This post is the third of the theme of the trend towards failure of our current civilization. Monday’s post was on the subject of factionalism. Yesterday’s post was on the failure to secure our borders. Today’s subject is the failure of education.
The failure of education is not solely a US issue. We see the same trends in Europe and other “first world” countries. There is opposition of this trend in southern Asia (India) and coastal Asia, Taiwan, Japan and portions of coastal China.
Anyone here in the US over the age of 50 can see how education has changed. When I was in elementary and high school, we were taught, reading, US and global geography. We were required to memorize all US and Canada state capitols, European geography, borders, major rivers and national capitols, the same for the Mideast, Africa, Asia and the major Pacific Islands. Surprisingly, we didn’t study the territory of the former USSR because, “the Soviets kept changing the city names and internal boundaries and we can’t keep up.” That statement was from one of my high school teachers—a WW2 and Korean War disabled veteran.
We were also taught writing—handwriting specifically, grammar and composition along with government, US and Western History.
We were required to take and pass state examinations on our state (Illinois) constitution and US constitution for graduation from high school. If you didn’t pass, you re-took that test until you passed or you didn’t graduate. Many students took the class in their Junior year. The class was taught again during summer-school for those who failed the first time.
My mother was a teacher. She started teaching me to read when I was four years old. I was able to read the comics in our local paper when I was in the first grade. I wasn’t unusual, many first-graders could read enough to read the comics.
It was the stated goal in my country school that every child would have the reading skills to read and comprehend the newspaper—not just the comics, but also the front page. We were taught phonics to enhance reading. We were taught the relationship between letters and combination of letters and sounds. And, we were taught to use the dictionary. Every third-grade student was required to have a dictionary in their desk. If parents didn’t have one at home, one could be purchased through the school and the parents would be billed.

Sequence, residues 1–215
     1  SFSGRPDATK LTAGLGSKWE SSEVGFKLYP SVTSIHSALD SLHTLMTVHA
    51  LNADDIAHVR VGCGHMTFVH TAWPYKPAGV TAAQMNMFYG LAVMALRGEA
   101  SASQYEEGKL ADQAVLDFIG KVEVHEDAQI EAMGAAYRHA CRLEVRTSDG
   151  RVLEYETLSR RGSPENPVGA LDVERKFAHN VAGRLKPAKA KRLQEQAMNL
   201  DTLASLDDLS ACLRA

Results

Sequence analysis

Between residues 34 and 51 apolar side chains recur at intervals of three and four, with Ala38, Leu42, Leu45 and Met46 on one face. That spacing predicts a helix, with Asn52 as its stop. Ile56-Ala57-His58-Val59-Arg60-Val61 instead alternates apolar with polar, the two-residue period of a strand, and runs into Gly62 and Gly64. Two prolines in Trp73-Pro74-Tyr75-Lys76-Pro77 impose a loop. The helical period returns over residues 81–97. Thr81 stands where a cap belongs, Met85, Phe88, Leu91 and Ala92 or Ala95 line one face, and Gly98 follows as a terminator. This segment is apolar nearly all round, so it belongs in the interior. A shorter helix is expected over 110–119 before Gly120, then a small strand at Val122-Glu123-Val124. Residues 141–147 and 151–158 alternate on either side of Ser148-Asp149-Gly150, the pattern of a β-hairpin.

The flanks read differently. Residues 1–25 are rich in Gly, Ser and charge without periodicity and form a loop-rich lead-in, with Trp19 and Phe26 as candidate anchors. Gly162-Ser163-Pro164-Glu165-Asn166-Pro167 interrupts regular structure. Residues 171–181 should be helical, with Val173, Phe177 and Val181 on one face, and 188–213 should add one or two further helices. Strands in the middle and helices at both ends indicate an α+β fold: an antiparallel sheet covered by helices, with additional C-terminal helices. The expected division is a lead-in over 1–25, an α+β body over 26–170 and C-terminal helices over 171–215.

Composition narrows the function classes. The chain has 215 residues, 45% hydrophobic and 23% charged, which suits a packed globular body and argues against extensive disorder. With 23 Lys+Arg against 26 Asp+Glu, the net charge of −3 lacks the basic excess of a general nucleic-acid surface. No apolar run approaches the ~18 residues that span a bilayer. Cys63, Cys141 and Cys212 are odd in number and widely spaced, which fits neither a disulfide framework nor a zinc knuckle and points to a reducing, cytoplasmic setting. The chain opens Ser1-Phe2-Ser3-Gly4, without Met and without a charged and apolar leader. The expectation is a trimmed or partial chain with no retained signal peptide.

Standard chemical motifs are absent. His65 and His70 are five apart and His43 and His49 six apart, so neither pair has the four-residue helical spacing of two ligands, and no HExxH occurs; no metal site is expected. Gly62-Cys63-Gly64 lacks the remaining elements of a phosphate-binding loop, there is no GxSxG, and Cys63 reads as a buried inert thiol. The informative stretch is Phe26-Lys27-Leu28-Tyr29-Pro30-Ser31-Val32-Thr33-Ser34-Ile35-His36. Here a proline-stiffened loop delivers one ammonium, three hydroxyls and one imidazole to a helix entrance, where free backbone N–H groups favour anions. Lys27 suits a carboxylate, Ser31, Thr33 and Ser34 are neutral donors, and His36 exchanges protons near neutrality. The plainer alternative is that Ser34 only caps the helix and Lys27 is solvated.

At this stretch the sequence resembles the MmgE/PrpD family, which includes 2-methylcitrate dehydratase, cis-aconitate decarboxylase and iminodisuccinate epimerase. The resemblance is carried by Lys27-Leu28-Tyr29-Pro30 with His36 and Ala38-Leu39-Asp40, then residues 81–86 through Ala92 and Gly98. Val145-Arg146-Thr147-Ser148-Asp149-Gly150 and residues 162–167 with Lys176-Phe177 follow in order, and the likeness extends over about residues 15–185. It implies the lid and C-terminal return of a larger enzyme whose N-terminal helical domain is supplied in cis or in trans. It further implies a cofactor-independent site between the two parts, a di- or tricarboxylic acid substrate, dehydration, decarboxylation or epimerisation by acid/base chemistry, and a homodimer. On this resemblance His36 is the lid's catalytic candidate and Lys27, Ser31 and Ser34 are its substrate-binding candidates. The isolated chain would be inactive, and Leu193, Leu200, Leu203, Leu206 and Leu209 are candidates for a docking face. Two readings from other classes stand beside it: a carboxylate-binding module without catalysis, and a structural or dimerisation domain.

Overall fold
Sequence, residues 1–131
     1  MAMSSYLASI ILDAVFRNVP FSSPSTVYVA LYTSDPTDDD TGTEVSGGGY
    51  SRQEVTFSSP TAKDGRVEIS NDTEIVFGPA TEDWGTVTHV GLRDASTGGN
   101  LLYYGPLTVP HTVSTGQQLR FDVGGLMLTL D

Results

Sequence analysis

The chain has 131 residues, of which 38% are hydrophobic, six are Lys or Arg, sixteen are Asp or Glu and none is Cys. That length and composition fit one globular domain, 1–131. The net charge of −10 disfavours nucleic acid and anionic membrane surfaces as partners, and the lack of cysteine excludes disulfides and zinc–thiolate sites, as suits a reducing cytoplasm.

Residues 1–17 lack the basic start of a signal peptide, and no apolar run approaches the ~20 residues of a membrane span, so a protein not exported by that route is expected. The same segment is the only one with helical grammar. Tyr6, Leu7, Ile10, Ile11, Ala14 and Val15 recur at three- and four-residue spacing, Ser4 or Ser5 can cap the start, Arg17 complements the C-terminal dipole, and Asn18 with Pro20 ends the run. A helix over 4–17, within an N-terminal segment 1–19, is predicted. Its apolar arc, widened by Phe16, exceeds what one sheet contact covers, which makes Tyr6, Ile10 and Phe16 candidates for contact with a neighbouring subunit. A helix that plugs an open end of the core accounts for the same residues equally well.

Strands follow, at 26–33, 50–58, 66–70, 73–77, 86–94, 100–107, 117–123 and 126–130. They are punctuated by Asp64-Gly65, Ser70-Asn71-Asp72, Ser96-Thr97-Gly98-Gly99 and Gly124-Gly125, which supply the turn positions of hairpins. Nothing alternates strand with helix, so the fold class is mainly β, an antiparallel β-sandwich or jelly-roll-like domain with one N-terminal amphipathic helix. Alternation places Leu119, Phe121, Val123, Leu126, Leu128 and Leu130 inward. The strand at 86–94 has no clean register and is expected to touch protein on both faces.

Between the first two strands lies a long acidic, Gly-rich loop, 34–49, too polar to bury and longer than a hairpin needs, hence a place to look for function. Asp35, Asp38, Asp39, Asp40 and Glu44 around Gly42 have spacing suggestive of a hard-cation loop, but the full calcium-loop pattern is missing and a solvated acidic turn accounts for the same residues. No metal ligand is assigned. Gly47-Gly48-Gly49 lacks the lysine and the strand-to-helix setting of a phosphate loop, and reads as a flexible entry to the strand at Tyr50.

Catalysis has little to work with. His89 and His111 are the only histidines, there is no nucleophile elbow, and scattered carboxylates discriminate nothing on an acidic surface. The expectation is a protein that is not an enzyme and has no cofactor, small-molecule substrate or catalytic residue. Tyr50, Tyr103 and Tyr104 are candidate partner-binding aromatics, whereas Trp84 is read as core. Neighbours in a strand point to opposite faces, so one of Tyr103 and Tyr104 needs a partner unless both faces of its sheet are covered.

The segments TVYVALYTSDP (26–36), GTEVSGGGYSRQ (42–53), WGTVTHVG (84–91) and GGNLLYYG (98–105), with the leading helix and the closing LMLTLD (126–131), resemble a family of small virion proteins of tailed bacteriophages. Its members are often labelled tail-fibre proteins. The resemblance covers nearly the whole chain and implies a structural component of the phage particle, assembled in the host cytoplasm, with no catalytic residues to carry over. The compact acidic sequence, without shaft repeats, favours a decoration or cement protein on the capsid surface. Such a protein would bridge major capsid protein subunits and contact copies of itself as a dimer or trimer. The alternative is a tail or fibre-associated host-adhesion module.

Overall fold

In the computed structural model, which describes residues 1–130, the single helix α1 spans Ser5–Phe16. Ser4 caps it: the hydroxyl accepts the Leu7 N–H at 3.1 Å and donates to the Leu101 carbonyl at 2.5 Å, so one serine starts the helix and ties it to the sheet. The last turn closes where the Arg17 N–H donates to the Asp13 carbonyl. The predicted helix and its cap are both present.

Now take a look at the list above and compare that with our current school curriculum. Reading? Sight reading, no phonics. Spelling? Not in my local school district. When I was in grade school, we posted our spelling, math, drawing, and samples of our handwriting on the school room’s walls. We had monthly PTA meeting—at night so everyone could attend. If a parent worked at night, the other parent attended. Parents roamed the school rooms and closely examined their children’s scores and compared those scores to others in their class. Kids who scored low often received a spanking when they got home.
Returning to the comparison between then and now. We were taught geography. Not today. We were taught writing and composition, not today. We were required to take and pass state tests on US and state governments. Not today. We were taught US and World/Western history. If taught today, the lesson must adhere to socialist philosophy and has been heavily altered to conform to political correctness—regardless of the validity of those changes.
The Wisconsin teachers are upset with changes proposed by Scott Walker. Earlier this week it was revealed the 66% of Wisconsin 8th graders did not score as “proficient.”
In the National Assessment of Educational Progress tests administered by the U.S. Department of Education in 2009—the latest year available—only 32 percent of Wisconsin public-school eighth graders earned a “proficient” rating while another 2 percent earned an “advanced” rating. The other 66 percent of Wisconsin public-school eighth graders earned ratings below “proficient,” including 44 percent who earned a rating of “basic” and 22 percent who earned a rating of “below basic.”
Those of us who are old enough to remember the education of ourselves recognize the failure of education of today. Today, we have “social” promotions in school and graduate students who are functionally illiterate. We have the education system who supports open registration for our colleges and universities regardless of test scores. The failure rates of first and second year university students is astounding and largely ignored.
How can we expect our future generations to be capable of self-government when they have no understanding of our representative republic and how that is different from
Civilization requires an educated populace. When my generation passes, that will no longer exist.